— Benjamin Rush
As quoted by Terry Dorian, Total Health and Restoration: A 180-Day Journey (2002), p. 49. Other versions include:
[The] Constitution of this republic should make special provisions for medical freedom as well as religious freedom ... To restrict the art of healing to one class of men and deny equal privilege to another will constitute the Bastille of medical science. All such laws are un-American and despotic. They are fragments of monarchy and have no place in a republic. [in Robert L. Schwartz, "Laetrile: The Battle Moves into the Courtroom," American Bar Association Journal, February 1979, p. 226, no citation given]
Unless we put medical freedom into the constitution the time will come when medicine will organize into an undercover dictatorship and force people who wish doctors and treatment of their own choice to submit to only what the dictating outfit offers.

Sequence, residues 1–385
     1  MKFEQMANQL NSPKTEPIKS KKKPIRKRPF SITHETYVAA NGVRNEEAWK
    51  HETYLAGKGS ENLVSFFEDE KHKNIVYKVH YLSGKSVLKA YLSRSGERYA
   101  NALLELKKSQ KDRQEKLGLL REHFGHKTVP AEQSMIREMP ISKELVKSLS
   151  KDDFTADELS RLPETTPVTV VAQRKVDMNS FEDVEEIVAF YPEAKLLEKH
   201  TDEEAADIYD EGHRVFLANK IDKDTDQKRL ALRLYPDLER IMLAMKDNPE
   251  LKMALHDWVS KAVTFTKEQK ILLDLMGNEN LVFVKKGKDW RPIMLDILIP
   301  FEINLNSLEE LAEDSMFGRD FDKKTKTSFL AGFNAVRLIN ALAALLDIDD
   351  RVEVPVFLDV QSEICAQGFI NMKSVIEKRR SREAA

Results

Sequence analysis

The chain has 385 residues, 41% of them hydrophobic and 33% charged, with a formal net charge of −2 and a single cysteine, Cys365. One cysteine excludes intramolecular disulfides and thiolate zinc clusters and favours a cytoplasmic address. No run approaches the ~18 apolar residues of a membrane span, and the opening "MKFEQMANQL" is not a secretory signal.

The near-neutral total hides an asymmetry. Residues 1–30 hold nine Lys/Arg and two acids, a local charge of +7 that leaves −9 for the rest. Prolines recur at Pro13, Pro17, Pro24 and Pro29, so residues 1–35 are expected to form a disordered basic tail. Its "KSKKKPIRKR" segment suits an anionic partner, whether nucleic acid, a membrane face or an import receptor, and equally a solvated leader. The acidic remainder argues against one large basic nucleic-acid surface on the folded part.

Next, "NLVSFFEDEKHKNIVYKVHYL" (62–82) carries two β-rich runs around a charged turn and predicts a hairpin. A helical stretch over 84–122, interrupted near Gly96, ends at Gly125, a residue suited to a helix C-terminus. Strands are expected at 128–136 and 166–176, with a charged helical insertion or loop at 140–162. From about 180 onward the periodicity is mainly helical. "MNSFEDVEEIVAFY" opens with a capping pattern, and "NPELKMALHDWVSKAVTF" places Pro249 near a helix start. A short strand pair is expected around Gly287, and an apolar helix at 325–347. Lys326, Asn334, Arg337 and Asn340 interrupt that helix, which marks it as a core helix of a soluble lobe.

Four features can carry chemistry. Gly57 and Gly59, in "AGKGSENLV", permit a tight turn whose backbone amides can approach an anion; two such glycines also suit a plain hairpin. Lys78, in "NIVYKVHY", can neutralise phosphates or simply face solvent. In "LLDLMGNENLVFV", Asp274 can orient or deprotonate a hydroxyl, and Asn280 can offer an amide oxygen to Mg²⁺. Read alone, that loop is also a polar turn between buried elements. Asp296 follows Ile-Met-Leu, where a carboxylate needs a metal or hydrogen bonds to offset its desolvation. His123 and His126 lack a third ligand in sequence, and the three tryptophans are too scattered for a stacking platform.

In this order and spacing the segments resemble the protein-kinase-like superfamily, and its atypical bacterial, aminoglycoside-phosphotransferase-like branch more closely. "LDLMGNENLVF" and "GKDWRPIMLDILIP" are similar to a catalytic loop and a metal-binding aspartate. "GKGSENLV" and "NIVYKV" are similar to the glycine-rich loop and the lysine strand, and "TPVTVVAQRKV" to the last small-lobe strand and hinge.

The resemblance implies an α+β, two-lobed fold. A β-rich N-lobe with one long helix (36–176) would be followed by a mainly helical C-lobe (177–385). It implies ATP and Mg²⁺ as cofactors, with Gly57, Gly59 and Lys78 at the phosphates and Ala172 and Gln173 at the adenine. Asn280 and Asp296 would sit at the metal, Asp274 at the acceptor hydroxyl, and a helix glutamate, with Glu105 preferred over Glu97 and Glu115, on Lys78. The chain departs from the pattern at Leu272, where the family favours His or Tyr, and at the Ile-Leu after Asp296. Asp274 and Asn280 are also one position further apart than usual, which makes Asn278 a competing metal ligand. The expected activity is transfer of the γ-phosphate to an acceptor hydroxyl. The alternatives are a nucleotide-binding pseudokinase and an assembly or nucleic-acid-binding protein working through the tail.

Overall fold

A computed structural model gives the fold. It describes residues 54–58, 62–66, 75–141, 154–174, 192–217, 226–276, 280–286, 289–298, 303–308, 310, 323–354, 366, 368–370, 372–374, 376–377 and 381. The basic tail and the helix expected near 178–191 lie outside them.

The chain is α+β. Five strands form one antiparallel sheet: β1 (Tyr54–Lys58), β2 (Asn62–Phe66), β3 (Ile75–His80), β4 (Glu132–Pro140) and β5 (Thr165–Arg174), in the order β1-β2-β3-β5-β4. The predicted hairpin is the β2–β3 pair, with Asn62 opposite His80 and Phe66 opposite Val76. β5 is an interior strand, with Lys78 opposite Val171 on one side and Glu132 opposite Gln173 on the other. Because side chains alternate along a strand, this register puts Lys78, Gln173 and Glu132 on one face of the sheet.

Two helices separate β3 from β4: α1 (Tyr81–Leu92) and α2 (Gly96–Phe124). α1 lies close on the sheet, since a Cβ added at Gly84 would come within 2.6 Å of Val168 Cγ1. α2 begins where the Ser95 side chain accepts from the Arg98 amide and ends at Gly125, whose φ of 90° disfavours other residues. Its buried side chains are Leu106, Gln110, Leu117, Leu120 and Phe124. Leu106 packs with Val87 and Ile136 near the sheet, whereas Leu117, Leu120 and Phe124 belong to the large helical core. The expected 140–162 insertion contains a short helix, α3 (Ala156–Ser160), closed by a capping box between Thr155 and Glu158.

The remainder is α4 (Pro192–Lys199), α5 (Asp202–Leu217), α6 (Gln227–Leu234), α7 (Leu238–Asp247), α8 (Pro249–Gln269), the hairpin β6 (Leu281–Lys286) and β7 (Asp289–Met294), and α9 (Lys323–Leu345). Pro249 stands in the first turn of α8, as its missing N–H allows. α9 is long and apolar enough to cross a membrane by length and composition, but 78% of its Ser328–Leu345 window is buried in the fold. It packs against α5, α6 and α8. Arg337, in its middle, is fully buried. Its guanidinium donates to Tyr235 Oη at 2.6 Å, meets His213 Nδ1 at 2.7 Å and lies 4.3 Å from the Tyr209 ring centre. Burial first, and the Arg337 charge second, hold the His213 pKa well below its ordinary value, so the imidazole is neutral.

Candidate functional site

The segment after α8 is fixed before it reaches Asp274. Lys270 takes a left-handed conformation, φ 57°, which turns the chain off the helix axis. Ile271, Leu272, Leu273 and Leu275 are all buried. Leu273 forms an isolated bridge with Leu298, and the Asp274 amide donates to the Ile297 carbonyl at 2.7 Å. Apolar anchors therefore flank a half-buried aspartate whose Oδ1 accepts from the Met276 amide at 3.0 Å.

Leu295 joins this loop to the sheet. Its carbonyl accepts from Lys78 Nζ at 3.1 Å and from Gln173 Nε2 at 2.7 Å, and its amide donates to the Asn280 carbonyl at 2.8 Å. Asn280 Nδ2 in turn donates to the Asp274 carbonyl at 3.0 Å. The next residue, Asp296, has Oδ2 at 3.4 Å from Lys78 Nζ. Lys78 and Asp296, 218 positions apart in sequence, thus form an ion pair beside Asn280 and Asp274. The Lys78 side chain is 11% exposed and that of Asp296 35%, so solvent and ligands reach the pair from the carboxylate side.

Laws restricting the practice of the healing art to one class of physicians and denying equal privileges to others, constitutes the Bastilles of Medicine, for they prevent progress. They are relics of Monarchy, and therefore have no place in a Republic. [in Thomas Morgan, "National Board of Health. The Other Side of the Question, As It Appears to Thomas Morgan," Youngstown Vindicator, 27 January 1911, p. 6]
This quote is often cited with regards to Rush, and can rarely be found attributed to his autobiography, but does not exist in that book [http://books.google.com/books?id=EkTM9Kn9F4IC&q=%22into+the+constitution%22#v=onepage&q=%22into%20the%20constitution%22&f=false][http://hpy.sagepub.com/content/16/1/89.abstract]. The quote contains words and phrasing that seem anachronistic to late 18th century America.